By Chuks Iloegbunam  

From yesterday, this concludes the narrative on Peter Obi, some remarkable moments when he served as governor of Anambra State and what makes him tick and unique as a leader

You would dobale for them. After the genuflection, you would ask if they wouldn’t use a soft drink seeing that the weather was rather hot. It may, in fact, be chilly. You would ask about their wives and children even though a careful look already told you that the customer’s youthfulness suggested that he was unmarried.

All these things you would do because you wanted the customer to part with his money and leave with the ware you were anxious to sell. That is all what the “Sirs” boil down to. I will give a good example of this attribute while discussing some of Governor Obi’s achievements. 

 Peter Obi carried his reverence of people into other areas. After I took a single honours degree in English from the University of Ife (now the Obafemi Awolowo University, Ile-Ife), I came out convinced that I had “finished” the language. I had been taught by the titans – people like Professor Gerald Moore, Professor Bisi Afolayan, the semanticist, and Professor Biodun Jeyifo, the Marxist literary critic. There were others, of course. But when I became a foundation staff at The Guardian in Lagos, past masters in language use taught me that all I had was a B. A. for Begin Again.

People like Chinweizu, Dr. Stanley Macebuh, Professor Onwuchekwa Jemie, Professor Femi Osofisan and Eddie Iroh, the accomplished novelist and TV film producer, who at the time was not even a graduate taught me to place my feet on the ground. There was a big difference between what was learnt in the university and what struck the right chords in the minds of newspaper readers. I started paying especial attention to what in linguistics is known as Register. 

 When I became a political appointee, my language teacher became Peter Obi, of all people. Let me give a little background. While we were outside government, most of what I wrote for Peter passed. All through the years we argued his mandate in court, I wrote at least 95 per cent of his official political communication. While I served in his government, I also wrote at least 95 per cent of his speeches and his official letters. That is why when people who won’t recognise Peter even if he bumped into them write nonsense about him, I spend a good deal of time lamenting the pettiness of humankind. 

 To continue with the narrative. Since I was Chief of Staff and there was a competent Press Secretary, and a competent speechwriter inherited from Dr. Ngige, I thought I had written the last for Mr. Obi. One morning I introduced the matter of Leo Nnoli to the Governor, mentioning that he had been speechwriter to both Governors Chinwoke Mbadinuju and Chris Ngige.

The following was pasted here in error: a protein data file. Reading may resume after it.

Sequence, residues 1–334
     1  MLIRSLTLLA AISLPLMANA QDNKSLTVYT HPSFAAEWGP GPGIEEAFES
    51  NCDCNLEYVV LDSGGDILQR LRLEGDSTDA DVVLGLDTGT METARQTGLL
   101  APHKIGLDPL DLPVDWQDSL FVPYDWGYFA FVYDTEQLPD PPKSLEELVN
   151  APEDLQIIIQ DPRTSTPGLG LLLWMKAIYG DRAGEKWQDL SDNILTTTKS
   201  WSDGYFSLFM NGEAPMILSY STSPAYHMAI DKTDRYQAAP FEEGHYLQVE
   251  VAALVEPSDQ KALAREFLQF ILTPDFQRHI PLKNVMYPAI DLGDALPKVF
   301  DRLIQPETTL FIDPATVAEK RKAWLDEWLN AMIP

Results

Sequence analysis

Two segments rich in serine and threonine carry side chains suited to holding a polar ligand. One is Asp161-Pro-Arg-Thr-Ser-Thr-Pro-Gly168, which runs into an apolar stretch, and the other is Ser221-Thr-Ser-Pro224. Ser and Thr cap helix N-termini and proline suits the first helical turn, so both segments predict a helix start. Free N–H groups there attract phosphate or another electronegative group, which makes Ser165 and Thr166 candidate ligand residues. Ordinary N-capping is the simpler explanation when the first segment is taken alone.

I had in my hand samples of speeches he had written for the ex-Governors. Mr. Obi was not in the least interested. Not that he doubted Nnoli’s competence. But he argued that I had been with him for many years and, if he as much as winked, I would know what to put down on paper. He asked why I wanted him to take on a new speechwriter who would spend valuable time trying to master his predilections. That ended the matter.

The speechwriter was redeployed. A couple of years later, Dr. Nnoli transferred his services to the Nnamdi Azikiwe University, where he became a lecturer in History. He had an assistant, Ifeanyi Njelita, who had earned a degree in English from Unizik. Mr. Njelita requested that I post him to the Protocol Department. I obliged. He excelled there and rose in rank until his retirement in 2021. 

 I was back to taking tutorials on how to write. But a preliminary problem arose. Governor Obi was going to travel to the United Kingdom. He asked me to draft a letter informing President Obasanjo of the trip. I couldn’t understand. 

“Sir, you don’t need to inform him that you are travelling.” 

“Is there anywhere the Constitution so says?” Since the Constitution said nothing of the sort, I did a draft as instructed. Once he sighted the draft, the Governor quarrelled with my opening sentence, which ran something like this: “Your Excellency, this is to inform you that I will be travelling…”  “That’s not how to address the President. Put ‘humbly’ there! Say: ‘This is to humbly inform you that…’” General Obasanjo is still alive and well and will confirm that he received letters regularly from Governor Obi that were replete with verbs like Please, Appeal, Plead. The President got told each time my Governor travelled. He got appealed to every time there was something Mr. Obi thought he should attend to. 

 It is the same politeness that Peter Obi is exhibiting in the run up to the 2023 presidential ballot. It is not affectation; it has been his style from time “Imo River”! He has not abused any presidential candidate or anybody else for that matter. And he will not. When Asiwaju Bola Ahmed Tinubu went to campaign for Governor Adegboyega Oyetola of Osun State who was seeking reelection, he told his listeners that: “Some people call themselves Labour. They will be in labour to the death.”